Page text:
Judge Brower has served as President of the American Society of International Law, Governor of the American Bar Association, Chair of the Institute for Transnational Arbitration, and on the Executive Council of the International Law Association. He has published and spoken around the world on international law and international dispute resolution. He has been a Visiting Fellow at Cambridge University (Jesus College and the Lauterpacht Research Centre for International Law) and has been selected as John A. Ewald, Jr. Distinguished Visiting Professor at the University of Virginia School of Law. In 2009 Judge Brower has been awarded the American Society of International Law's prestigious Manley O. Hudson Medal for "pre-eminent scholarship and achievement in international law . . . without regard to nationality," which honor has been bestowed on 29 persons, including 10 non-American citizens, during the 53 years since it was created. In 2010 Judge Brower has received the Stefan A. Riesenfeld Award from the University of California's Berkeley School of Law (Boalt Hall) in recognition of "his outstanding achievements and contributions in the field of international law."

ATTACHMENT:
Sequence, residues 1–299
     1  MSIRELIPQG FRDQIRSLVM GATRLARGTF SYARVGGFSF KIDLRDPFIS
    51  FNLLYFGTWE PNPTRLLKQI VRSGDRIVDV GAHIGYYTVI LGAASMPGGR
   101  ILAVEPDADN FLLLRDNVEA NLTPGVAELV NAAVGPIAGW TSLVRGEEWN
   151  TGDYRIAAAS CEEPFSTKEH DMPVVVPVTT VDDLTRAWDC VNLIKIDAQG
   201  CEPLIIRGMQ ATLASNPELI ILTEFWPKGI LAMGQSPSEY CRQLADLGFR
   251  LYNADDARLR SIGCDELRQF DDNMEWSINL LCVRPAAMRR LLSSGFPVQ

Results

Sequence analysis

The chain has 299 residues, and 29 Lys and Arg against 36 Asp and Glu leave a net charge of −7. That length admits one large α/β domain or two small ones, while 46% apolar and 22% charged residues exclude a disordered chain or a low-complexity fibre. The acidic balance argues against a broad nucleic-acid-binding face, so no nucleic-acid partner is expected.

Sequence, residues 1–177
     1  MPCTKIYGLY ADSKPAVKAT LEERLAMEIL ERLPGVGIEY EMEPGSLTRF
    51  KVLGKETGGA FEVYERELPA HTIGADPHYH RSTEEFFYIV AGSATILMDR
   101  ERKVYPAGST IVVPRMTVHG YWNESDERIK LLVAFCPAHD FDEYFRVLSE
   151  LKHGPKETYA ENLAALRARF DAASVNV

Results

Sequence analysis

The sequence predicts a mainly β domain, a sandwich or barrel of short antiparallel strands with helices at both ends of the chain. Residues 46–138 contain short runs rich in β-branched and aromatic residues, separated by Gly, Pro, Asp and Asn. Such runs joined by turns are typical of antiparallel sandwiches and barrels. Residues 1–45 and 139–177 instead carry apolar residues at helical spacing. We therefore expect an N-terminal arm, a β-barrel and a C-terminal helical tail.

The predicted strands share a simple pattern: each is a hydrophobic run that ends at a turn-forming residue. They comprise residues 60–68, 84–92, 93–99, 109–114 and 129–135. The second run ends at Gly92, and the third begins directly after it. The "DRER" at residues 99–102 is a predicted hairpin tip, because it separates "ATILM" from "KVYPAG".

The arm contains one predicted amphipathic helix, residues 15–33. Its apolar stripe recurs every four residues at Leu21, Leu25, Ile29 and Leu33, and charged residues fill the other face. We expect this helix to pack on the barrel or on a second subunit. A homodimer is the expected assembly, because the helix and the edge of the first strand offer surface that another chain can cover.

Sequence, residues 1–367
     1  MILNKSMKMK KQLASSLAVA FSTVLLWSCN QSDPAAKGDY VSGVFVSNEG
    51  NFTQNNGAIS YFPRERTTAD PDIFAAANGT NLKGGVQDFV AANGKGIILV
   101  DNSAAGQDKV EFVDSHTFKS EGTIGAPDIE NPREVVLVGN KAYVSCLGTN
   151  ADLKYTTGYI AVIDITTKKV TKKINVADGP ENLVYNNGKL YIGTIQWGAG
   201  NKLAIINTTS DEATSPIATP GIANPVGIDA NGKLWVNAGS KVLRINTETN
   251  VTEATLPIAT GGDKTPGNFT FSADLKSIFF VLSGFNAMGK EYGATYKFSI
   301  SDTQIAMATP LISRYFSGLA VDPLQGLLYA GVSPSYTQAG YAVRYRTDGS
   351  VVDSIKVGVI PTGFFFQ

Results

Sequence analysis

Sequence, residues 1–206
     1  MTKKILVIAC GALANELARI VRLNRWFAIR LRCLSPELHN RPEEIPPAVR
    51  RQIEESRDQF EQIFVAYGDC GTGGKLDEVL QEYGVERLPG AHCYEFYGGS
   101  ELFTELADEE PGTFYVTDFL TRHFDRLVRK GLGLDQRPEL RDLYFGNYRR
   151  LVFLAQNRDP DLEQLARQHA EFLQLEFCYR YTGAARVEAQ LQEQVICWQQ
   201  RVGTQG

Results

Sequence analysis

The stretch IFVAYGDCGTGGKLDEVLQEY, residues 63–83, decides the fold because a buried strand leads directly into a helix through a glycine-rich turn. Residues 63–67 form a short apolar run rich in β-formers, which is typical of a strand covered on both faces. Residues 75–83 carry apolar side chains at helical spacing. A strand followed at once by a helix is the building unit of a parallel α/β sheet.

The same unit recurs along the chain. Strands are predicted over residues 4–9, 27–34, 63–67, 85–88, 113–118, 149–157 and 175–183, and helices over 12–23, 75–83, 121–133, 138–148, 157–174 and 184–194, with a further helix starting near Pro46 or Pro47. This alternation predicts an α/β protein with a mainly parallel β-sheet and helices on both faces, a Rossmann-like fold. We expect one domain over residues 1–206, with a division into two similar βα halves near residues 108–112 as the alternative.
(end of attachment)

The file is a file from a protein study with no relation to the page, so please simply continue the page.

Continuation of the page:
Dame Rosalyn Higgins
Rosalyn Higgins is the former President of the International Court of Justice.
Higgins was the first female judge to be appointed to the ICJ and was elected President in 2006.
Theodor Meron was the president of the International Criminal Tribunal for the former Yugoslavia (ICTY) until 2005, and now serves as a judge on the Appeals Chambers of the International Criminal Tribunal for Rwanda and the ICTY.
Born in Kalisz, Poland, Judge Meron received his legal education at the Hebrew University (M.J.), Harvard Law School (LL.M., J.S.D.) and Cambridge University (Diploma in Public International Law). Since 1977, he has been a Professor of International Law and, since 1994, the holder of the Charles L. Denison Chair at New York University School of Law. In 2000-2001, he served as Counselor on International Law in the U.S. Department of State.
Brigitte Stern is a Professor of Law and the Director of the Research Centre in International Law at the University of Paris, Panthéon-Sorbonne.
Edith Brown Weiss
Edith Brown Weiss is Francis Cabell Brown Professor of International Law at Georgetown Law and Co-Director of the Joint Degree in Law and Government program at Georgetown Law.
Professor Brown Weiss is highly active in the areas of public international, environmental, and water resources law. In September 2002 she was appointed to the 3-member Inspection Panel of the World Bank and from 2003-2007 served as the President of the Inspection Panel, an appointment at the Vice-Presidential level. Her past professional experience includes positions as Associate General Counsel for International Activities at the U.S. Environmental Protection Agency, 1990-92, Assistant Professor of Civil Engineering and Politics at Princeton University, and Research Associate at Columbia University and the Brookings Institution.